Outside the House
Take the Pledge to reduce water use and receive a free educational lawn sign (external link.)
Cars & Driveways
When washing the car, use soap and water from a bucket. Make sure to use a hand-held hose with positive shut-off nozzle for the final rinse. Use water saved from indoor use, or use a commercial car wash that recycles its wash water. Use a broom, never a hose, to clean paved areas such as your driveway.
Lawn, Landscape, & Irrigation
Install irrigation systems with automatic timers. Program the timers to turn the irrigation system on and off. Teach the family how to turn off an automatic sprinkler system to avoid watering on windy days or during periods of heavy rain. They following are more tips for outdoor water conservation:
- Water landscaping only when needed. Typically this is no more than twice weekly unless the weather is hot and dry. Adjust your irrigation schedule to accommodate changes in seasonal water demand. Always water during the cool time of the day between 6 p.m. and 8 a.m. to minimize evaporation. Early morning is best because it is less likely to encourage the growth of fungus. Many experts say the best time to water is between midnight and 4 a.m.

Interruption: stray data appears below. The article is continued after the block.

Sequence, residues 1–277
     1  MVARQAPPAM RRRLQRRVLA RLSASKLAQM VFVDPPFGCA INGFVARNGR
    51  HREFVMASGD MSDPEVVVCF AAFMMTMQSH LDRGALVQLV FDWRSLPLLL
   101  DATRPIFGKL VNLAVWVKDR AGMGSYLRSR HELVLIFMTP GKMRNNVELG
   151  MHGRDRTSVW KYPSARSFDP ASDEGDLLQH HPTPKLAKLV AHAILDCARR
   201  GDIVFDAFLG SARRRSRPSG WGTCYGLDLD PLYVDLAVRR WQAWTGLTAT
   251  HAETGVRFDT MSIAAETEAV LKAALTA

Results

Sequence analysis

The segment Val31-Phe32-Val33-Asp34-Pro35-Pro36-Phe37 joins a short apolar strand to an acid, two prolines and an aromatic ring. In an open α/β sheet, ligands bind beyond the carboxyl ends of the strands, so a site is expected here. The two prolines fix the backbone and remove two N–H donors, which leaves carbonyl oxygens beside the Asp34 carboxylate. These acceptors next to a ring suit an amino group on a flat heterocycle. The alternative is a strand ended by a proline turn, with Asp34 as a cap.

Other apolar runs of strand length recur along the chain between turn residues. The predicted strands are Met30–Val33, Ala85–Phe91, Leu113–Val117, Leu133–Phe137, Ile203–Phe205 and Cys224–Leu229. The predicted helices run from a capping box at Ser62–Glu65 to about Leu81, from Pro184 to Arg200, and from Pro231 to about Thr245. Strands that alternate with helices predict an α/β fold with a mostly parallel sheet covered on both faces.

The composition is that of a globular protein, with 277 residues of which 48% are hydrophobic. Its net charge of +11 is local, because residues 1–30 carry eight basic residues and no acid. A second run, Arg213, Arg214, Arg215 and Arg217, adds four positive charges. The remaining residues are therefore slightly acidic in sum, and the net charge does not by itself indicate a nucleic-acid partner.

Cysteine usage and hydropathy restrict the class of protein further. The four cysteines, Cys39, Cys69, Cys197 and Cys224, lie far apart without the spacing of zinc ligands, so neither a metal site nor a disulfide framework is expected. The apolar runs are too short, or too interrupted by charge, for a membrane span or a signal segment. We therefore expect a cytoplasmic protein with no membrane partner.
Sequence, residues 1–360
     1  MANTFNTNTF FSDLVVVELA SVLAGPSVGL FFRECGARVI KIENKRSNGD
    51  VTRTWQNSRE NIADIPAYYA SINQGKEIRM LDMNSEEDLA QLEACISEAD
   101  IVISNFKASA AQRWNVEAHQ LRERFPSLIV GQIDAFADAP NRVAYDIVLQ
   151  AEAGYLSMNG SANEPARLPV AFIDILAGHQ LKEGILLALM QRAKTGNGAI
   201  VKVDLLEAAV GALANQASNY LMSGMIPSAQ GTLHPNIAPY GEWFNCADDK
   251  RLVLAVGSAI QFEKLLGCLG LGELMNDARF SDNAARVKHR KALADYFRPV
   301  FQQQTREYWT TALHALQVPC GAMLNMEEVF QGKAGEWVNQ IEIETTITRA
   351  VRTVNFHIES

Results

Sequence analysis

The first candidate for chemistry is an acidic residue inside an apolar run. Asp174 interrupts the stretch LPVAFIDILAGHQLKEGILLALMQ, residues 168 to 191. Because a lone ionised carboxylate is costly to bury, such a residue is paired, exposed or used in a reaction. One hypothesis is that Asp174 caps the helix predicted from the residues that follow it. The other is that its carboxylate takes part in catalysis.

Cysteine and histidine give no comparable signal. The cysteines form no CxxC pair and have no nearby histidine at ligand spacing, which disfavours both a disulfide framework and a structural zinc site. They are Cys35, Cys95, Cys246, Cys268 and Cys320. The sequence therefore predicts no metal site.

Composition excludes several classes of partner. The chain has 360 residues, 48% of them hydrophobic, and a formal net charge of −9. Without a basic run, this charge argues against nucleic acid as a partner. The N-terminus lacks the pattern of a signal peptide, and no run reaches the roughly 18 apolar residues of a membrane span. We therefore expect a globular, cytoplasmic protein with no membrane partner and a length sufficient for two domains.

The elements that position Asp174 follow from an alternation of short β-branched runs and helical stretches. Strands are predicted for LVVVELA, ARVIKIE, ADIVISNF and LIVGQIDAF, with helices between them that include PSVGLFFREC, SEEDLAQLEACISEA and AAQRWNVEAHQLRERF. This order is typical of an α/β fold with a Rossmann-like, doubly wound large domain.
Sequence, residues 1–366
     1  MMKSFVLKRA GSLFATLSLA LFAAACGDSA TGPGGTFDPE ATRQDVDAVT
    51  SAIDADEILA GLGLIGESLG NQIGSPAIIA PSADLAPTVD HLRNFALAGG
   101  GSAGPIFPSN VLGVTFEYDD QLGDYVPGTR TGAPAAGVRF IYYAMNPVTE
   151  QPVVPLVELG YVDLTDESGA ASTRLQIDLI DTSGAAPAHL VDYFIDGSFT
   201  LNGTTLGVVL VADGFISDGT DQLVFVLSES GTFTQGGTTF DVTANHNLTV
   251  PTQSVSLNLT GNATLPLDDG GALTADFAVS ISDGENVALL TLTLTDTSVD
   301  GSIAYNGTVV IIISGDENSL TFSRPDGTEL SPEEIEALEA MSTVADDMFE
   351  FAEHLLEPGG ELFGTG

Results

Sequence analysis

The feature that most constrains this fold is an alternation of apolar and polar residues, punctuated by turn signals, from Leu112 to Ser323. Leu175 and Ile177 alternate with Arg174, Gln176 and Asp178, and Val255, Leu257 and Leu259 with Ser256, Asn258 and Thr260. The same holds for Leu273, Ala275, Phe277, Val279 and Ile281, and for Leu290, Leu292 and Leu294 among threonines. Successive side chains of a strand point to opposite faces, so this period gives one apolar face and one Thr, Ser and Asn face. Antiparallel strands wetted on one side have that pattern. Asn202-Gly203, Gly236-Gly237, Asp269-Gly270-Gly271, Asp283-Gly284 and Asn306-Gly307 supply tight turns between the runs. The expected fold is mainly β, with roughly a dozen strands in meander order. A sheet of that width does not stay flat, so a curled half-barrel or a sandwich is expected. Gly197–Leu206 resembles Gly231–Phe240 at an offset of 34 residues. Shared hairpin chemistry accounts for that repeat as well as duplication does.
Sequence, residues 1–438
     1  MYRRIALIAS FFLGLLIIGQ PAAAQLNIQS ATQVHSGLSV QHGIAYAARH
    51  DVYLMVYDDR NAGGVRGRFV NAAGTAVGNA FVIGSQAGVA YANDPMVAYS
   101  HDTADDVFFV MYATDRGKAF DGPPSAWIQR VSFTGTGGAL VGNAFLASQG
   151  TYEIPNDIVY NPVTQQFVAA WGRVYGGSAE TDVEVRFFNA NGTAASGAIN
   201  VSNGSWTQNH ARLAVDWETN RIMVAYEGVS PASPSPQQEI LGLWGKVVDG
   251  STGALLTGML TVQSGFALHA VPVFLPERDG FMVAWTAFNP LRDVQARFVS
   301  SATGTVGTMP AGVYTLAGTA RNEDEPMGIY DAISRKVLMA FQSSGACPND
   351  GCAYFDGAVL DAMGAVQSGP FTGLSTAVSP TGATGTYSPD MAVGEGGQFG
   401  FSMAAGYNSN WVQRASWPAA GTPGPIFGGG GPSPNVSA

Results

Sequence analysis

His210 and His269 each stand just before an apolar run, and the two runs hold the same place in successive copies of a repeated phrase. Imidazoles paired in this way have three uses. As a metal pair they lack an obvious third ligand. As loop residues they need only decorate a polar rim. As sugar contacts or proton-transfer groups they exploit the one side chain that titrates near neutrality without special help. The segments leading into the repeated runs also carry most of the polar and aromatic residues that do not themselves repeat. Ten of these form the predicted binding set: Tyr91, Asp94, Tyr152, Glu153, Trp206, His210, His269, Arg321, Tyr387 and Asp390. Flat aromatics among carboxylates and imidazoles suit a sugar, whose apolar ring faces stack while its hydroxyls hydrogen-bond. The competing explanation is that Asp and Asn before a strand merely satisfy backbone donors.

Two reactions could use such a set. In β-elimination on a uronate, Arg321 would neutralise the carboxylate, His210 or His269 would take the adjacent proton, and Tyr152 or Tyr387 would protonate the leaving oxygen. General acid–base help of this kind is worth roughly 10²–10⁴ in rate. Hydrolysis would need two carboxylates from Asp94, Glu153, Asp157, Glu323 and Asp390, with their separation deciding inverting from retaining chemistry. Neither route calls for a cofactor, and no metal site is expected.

- Properly adjust and maintain your irrigation system. Make sure to cover your landscape evenly and that only your lawn and planting beds are watered and not the house, sidewalk, or street.
- Minimize grass areas in your yard. Less grass means less water demand. Replace with low-water use landscaping.
- Use a rain gauge to determine how much rain or irrigation your yard has received.
- Raise the blade on your lawn mower. Blades should be raised to at least three inches high, or to the highest level. Closely cut grass makes the roots work harder, requiring more water.
- Use native or other low water use plants for landscaping. Check with your local nursery for the best native or low-water use trees, shrubs and plants. If you live near a hillside or open space use fire-resistant plants, which typically also require very little water.
- Use a layer of mulch around trees and plants. Mulch helps to maintain moisture, helps reduce evaporation and erosion, provides essential nutrients and discourages the growth of weeds.
- Use the principles of Xeriscape (pronounced ZERE-AH-SCAPE). This landscaping method uses native and drought-tolerant plants, mulch to hold in moisture, and grouping plants according to your water and light needs.
- Design landscapes appropriate for the water-use zone.
- Check and fix leaks in pipes, hoses, faucets and couplings. Seek out and repair any pipeline and irrigation system leaks.
- Monitor your water pressure. Water should enter your house at about 45-60 pounds per square inch. Monitor occasionally with a water pressure gauge.
- Check your evaporative coolers annually. Evaporative coolers require a seasonal maintenance check-up for more water efficient cooling.
- Use the water from your evaporative air conditioners. Direct the water drain line to a flowerbed, tree base or lawn.